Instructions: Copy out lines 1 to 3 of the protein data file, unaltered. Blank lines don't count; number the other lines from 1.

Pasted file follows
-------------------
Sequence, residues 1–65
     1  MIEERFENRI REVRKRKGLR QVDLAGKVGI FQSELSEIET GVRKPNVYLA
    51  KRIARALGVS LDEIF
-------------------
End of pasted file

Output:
Sequence, residues 1–65
     1  MIEERFENRI REVRKRKGLR QVDLAGKVGI FQSELSEIET GVRKPNVYLA
    51  KRIARALGVS LDEIF